I’ve been dealing with this dilemma for the past couple years. While I’ve had a Microsoft MVP award for Visual C# these past couple years, I’ve wondered if I’ve gone too generalized to have it renewed this year. We’ll find out in July if that’s actually true. Even if that’s true, I’m still going to be on that mission – to find the happy middle between overspecializing and generalizing.

Add to it that I saw this tweet, and it really has me thinking:

The key to being a programmer today and in the future. Don’t over specialize, don’t stop learning, stay close to your customer.less than a minute ago via TweetDeck Favorite Retweet Reply

For me, I don’t want to go down the road of overspecializing. I’d feel like that guy who painted himself into the corner of the room, trapped. However, I don’t want to be too general, because while it’s helpful being a jack of all trades, it’s also hard to see where it’s best to place me, which projects are best to utilize my skillset. I’d like to be the master of some, not the master of none. In a way, I want to be kinda like my Microsoft MVP expertise of Visual C# – I want to be useful on many types of projects.

Visual C# is my current expertise area, but I also am dabbling with PowerShell. The beauty of it all, though, is that I am using Visual C# while playing with PowerShell – how do you think my custom cmdlets are written? If you’re in the Cleveland area on April 26th, I can show you some custom cmdlets at the Cleveland C#/VB.NET SIG. You can also see some of my custom cmdlets in appendix D in Automating Microsoft® Windows Server 2008 R2 Administration with Windows® PowerShell 2.0.

That’s not the only time I use Visual C# though. In my day job, I work on ASP.NET websites, web applications, out-of-browser Silverlight apps – all with Visual C# as their base. I’m working with ASP.NET MVC and ASP.NET WebForms, which I use with Visual C#. Here at home, I play with Windows Phone development, and that too… written in Visual C#. I also write web services – be it ASP.NET Web Services or WCF – in Visual C#. Writing Windows Forms and WPF applications… those are also done in Visual C#. It’s such a handy language, with a variety of applications.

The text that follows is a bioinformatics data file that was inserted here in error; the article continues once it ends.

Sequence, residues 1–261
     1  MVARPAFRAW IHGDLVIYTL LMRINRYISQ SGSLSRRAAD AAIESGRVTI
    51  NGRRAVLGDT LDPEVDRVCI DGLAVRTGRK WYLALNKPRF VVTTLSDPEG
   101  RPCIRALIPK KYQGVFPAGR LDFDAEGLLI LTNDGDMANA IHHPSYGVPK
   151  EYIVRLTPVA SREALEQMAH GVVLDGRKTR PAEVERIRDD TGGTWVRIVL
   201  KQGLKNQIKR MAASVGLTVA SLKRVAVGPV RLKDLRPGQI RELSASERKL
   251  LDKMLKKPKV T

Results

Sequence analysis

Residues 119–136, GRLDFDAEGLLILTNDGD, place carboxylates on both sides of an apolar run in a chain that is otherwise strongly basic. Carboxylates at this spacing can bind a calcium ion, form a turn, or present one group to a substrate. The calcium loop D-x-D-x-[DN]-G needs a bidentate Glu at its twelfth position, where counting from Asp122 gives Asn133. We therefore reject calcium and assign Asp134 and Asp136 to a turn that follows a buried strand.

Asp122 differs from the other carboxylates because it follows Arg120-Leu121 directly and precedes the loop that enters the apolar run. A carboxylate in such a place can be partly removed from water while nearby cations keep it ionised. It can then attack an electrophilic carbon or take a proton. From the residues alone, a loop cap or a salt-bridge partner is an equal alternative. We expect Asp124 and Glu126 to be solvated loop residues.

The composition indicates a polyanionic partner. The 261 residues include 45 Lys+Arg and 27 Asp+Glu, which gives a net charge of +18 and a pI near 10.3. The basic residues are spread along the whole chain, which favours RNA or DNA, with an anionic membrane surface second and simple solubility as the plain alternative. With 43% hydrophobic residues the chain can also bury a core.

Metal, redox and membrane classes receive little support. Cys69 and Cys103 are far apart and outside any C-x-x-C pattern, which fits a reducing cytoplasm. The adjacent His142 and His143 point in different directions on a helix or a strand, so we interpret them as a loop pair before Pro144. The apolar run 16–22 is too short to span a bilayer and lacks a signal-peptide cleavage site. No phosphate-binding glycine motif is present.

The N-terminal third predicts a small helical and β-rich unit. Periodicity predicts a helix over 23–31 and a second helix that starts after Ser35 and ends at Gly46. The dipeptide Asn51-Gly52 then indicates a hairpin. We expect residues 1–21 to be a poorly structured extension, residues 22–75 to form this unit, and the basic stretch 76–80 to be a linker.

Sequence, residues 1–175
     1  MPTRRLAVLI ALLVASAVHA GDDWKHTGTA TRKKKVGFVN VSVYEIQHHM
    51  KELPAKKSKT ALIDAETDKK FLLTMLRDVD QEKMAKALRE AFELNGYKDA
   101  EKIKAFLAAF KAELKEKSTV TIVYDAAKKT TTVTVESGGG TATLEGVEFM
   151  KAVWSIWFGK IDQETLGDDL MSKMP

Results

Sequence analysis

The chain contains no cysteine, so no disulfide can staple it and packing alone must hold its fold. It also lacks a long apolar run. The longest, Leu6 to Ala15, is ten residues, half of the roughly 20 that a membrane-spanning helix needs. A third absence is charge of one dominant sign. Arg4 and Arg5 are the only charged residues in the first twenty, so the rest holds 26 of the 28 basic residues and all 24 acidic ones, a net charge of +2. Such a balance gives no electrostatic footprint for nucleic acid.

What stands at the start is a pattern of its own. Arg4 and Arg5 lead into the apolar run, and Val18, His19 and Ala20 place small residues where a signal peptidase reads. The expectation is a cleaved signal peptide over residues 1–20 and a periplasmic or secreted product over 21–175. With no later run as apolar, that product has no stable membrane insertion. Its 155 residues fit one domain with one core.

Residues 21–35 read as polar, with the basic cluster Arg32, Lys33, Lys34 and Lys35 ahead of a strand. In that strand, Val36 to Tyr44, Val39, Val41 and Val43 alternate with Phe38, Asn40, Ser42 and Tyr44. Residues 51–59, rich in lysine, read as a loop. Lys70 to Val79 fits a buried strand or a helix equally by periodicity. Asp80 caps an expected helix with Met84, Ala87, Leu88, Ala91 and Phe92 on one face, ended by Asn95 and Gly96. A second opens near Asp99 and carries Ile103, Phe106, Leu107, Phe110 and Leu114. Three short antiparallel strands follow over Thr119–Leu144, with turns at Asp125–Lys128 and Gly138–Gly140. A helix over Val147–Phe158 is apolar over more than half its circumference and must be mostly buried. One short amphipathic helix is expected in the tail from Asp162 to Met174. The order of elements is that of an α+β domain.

Now granted there’s a lot of theory behind Visual C# and how it’s built. There are people who specialize in that, in how the compiler works, in how the language works under the covers. And then there are people like me – on the quest of finding the happy middle. While I would love to understand how its work under the covers, I really like seeing how it is applied in the field as well. Understanding how it works under the covers can give me a better background of why its strengths and weaknesses are the way they are, and it would help me play off of the strengths and weaknesses better in code. However, understanding how it is applied helps me to put Visual C# to work in my everyday business world and in my side projects.

I like tinkering with the many uses of the language to see how it can be used, and the same can be said with any other language I’ve worked with – the various VB derivatives (VB, VBA, VB.NET), python, and JavaScript being the more recent languages. I like the continuous exploration to see what I can find. I don’t want to stop learning, and I definitely don’t want to overspecialize. I hope I’ve found a happy middle, as it feels like I’m finally there.

Are you afraid of overspecializing? If you’re a developer who focuses mostly on web development, then take a step out of the norm and look into client app dev with WPF, make a game in XNA, or write a Windows Phone app! If you’re an IT pro who’s been siloed to focus on Exchange, you can start working with PowerShell for Exchange and then investigate other technologies that use PowerShell – such as SharePoint or Active Directory! Do something that you wouldn’t normally do, and make it a goal to learn at least one new technology a year, whether it applies to your job today or to possibly your career in the future!